After the Webinar: Case Supervision Practices. Q&A with the Presenters

Webinar presenters Paul Ventura and Michelle Hart answered a number of your questions after their presentation, Case Supervision Practices. Here are some of their responses.

 

 

 

Audience Question: How late do you think is too late to do a residence check or field visit? 

Michelle Hart:  It depends on what behavior you're trying to validate. Don't have curfews if you're not going to check them. If you have a 10 pm curfew but you don't go their house after 10 pm, you don't have a curfew. It validates that the curfew is negotiable and reinforces negative behavior. Paul and I were partners many years ago and we've been out til probably the latest is 1 or 2 in the morning. But there's a purpose to that. We were partners for an intensive probation caseload and we'd do a double-back because we had situations that people were waiting until we showed up, and then going out having their fun after. We would see them, wait a few hours and then go back and that's a really good way to ensure compliance. Depending on the size of your jurisdiction you may have what we call like a telephone line where once we showed up at somebody's house, then the text and phones calls to all the other people in the caseload, we're letting them know, "Hey probation's out". The nights that we did those double-backs, people's phones were lighting up incredibly to say, "Oh my gosh, get back in the house, they're still out there".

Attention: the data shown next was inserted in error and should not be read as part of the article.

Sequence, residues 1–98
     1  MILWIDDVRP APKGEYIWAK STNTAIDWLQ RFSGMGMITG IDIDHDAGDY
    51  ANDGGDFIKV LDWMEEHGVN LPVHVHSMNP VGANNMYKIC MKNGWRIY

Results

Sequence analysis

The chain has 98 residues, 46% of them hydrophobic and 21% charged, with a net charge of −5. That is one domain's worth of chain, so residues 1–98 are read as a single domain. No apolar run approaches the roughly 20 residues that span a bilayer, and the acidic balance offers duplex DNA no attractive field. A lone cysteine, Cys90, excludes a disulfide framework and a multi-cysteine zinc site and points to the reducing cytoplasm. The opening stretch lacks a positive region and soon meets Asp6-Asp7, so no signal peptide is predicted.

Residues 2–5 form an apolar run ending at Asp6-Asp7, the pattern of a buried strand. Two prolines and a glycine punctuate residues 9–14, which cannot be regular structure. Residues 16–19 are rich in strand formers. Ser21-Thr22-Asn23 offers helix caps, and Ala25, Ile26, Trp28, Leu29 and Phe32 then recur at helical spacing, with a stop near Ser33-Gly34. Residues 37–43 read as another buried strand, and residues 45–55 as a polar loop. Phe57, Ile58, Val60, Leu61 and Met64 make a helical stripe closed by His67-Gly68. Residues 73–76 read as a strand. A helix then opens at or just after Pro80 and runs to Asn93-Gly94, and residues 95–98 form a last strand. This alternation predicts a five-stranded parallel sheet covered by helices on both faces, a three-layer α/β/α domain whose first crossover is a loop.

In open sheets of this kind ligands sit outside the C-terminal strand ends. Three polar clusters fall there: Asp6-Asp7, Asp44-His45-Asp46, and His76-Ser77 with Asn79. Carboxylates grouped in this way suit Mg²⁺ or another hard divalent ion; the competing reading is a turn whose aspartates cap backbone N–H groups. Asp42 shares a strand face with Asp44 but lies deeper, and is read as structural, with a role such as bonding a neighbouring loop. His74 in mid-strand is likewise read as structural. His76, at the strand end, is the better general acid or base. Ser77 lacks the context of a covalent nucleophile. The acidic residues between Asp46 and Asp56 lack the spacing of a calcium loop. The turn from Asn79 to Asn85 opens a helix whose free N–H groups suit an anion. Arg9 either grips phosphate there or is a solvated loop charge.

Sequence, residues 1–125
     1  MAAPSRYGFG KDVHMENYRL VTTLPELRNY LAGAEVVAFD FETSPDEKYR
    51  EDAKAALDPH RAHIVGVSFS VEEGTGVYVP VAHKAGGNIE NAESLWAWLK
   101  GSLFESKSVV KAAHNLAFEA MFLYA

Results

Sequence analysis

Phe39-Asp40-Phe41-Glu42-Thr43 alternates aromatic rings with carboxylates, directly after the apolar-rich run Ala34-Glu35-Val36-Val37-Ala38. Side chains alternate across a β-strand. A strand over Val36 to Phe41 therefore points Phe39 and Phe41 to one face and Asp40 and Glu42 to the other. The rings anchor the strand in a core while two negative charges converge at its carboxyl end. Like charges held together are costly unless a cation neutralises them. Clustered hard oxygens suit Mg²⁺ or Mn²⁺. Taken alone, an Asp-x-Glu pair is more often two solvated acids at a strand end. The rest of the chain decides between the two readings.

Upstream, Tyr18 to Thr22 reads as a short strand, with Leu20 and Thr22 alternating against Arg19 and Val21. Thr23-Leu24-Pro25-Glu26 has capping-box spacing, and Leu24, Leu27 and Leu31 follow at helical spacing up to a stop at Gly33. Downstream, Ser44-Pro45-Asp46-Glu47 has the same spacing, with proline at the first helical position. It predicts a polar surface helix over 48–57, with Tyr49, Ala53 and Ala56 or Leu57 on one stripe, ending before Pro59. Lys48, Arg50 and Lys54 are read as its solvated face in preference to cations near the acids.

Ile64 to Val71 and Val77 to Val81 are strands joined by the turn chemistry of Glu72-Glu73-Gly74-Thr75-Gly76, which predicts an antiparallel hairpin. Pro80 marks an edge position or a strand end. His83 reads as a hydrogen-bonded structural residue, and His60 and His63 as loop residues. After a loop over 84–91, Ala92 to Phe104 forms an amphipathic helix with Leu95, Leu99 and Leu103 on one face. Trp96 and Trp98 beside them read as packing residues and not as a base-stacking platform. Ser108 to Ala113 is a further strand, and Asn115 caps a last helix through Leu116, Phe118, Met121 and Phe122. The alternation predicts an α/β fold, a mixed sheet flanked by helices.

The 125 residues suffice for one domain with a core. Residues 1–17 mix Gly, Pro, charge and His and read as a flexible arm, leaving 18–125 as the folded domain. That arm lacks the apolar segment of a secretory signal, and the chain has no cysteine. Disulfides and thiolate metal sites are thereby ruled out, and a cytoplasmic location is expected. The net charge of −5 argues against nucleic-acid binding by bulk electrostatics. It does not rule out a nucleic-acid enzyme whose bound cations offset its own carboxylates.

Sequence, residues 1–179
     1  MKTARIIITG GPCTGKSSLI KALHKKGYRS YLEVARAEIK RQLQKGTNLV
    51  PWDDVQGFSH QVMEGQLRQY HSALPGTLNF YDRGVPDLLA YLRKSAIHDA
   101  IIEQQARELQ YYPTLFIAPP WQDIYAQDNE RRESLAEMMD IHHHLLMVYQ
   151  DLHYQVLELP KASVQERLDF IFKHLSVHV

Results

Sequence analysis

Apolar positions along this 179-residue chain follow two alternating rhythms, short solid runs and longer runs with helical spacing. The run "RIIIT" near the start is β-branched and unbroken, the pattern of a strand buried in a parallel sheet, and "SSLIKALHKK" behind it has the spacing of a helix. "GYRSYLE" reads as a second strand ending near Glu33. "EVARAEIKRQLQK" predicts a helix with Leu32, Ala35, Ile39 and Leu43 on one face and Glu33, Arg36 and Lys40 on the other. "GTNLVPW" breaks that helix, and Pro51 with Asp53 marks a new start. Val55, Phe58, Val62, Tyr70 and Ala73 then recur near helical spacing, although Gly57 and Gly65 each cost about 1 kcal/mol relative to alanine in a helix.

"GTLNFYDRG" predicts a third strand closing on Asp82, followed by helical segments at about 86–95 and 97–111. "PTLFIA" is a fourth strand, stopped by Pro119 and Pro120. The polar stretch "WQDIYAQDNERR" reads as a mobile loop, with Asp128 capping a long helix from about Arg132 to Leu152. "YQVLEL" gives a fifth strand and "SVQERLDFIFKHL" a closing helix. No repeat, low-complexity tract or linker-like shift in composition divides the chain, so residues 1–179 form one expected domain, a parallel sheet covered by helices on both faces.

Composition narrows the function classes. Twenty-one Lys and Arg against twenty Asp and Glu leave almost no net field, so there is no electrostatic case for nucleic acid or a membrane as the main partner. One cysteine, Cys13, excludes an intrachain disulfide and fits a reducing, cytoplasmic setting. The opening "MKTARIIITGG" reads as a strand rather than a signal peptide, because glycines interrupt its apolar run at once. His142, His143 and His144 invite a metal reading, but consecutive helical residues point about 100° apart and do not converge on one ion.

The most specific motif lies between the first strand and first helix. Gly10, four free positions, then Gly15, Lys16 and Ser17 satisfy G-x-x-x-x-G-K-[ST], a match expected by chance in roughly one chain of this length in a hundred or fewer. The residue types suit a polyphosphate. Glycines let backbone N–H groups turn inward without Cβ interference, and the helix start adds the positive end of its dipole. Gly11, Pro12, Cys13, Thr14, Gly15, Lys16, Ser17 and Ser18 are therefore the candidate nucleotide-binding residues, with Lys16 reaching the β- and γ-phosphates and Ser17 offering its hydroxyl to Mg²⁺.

I don't know if that answered your question — as long as it's with purpose. We also don't want to be so interrupting of their lives that it's counterproductive to the rapport, that they're being interrupted in good sleep and not getting to work, or waking up their children. But if their behavior, if you have indications to believe that it would be a valid reason to really go on those really off hours, do it. Because in the long run you're holding them accountable and it'll change their behavior.

 

Paul Ventura: I totally agree, but one caveat is 7 o'clock isn't late night. If you're thinking it's dark out and I'm going, there's a difference between 7 o'clock and 10 o'clock. Is there a big difference between 10 o'clock and midnight, probably not. As Michelle said, you should have a purpose for that. If you're knocking on someone's door at 12 o'clock or 12:30 and they have little kids and you're disrupting the whole family in that circumstance, you better have a reason for doing it. We had very specific reasons for coming back to someone's house at 1 o'clock in the morning. We did it and it was like 10 below 0. It's because the guy was drinking when we left. We purposely went out and saw him a little earlier in the day and everything was of course, fantastic. We came back around 12:30, quarter to 1 and we can't get anybody to answer the door. He was a blackout drinker and that was scary for us. We didn't want anything bad to happen to him and we also wanted to make sure that we're addressing any negative behavior. He was someone who lived alone too so we weren't disrupting the rest of the family at that point. Also, safety, if it's unsafe and you want to do someone late, and you get there, and you have a feeling like it's not safe, then it's probably not the right thing to do at that time.